In Luke's account of the risen Christ who met Cleopas on the road to Emmaus (24:13-18), the author supplied sensitive commentaries on the battles of Emmaus and Actium (hence Nicopolis). Luke's story of Lazarus (16:20) offered in no uncertain terms a commentary on the templar enterprise installed by Rome, built by Herod and ran by Annas and his cartel. John's version of Lazarus (11:1) incorporated the story of the sisters Mary and Martha, and very few from John's original audience would have not realized that the names Martha and Mary are essentially identical and that this story too visited the tried archetype of the Two Sisters.

There was, of course, only one Mary. But she existed in many locations and only one produced the actual Son: the non-violent resistance movement that originated in the Diaspora, was first recognized in Persian Babylon and ultimately materialized in Roman Judea. She was somehow imagined to comprise sub-movements dubbed James, Joses, Judas and Simon and an untold number of informal ones (his sisters), but how that translates to historical social movements is not clear at this remove (or even to someone as informed as Paul, see 1 Corinthians 1:12). Within first century Judaism there were many highly unique schools — we know of Sadducees (= sons of Zadok), Pharisees (= sons of Persia?), Sons Of Light, Sons of Zebedee, the Essenes, Therapeutae, Zealots, the Fourth Sect, pre-Jesus Christians (those rooting for a Jewish king after the collapse of the Hasmonean dynasty in 63 BC; see John 6:15), Hodosites, Nazarenes (Acts 24:5) and Baptists (John was probably not the only one and had disciples who were thus Baptists), but there were doubtlessly many more schools of advanced though operative in the Empire.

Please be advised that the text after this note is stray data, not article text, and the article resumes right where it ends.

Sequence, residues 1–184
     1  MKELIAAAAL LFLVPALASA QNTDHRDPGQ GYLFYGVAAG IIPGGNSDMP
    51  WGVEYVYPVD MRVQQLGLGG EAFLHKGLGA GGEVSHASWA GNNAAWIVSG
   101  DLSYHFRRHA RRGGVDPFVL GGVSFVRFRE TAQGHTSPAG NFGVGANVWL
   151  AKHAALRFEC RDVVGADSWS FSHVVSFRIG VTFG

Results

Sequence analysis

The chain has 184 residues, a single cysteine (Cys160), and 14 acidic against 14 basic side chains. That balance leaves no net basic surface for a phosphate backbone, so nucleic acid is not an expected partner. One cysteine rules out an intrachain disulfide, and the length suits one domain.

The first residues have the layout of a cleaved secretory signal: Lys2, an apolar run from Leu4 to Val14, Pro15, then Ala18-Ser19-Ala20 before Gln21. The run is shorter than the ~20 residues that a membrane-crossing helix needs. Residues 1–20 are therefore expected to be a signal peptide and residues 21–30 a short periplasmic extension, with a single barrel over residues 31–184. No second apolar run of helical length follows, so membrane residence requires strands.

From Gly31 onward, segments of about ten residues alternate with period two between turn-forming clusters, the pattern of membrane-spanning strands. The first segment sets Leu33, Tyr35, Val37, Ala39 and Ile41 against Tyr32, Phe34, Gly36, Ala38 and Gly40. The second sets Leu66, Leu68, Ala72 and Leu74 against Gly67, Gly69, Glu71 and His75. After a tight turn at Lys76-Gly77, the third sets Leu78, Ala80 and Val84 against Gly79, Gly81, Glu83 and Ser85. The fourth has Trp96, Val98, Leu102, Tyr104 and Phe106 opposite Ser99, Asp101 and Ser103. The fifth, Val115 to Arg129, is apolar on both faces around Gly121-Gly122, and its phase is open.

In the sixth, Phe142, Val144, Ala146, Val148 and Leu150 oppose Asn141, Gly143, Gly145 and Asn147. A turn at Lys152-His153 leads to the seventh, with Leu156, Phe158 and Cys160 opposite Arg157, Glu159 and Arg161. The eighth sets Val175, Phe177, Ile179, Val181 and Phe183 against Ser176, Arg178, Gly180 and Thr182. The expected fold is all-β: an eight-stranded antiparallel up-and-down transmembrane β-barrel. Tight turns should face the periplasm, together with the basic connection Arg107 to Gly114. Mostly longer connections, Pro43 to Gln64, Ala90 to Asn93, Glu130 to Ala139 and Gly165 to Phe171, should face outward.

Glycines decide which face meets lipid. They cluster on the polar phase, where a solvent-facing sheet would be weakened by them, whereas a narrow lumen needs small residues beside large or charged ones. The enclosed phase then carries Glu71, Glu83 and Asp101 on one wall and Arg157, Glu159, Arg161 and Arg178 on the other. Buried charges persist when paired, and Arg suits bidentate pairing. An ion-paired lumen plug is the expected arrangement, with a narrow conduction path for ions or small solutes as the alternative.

Mark uniquely dubs one of the Mary's he places under the cross Mary "of-James-Mikron-and-of-Joses-the-mother," and while tradition often calls this James the Less in a vain attempt to forge a distinction from the other Jameses, this epithet seems to correspond mostly with the nickname of Saul of Tarsus, better known as Paul, which means Little.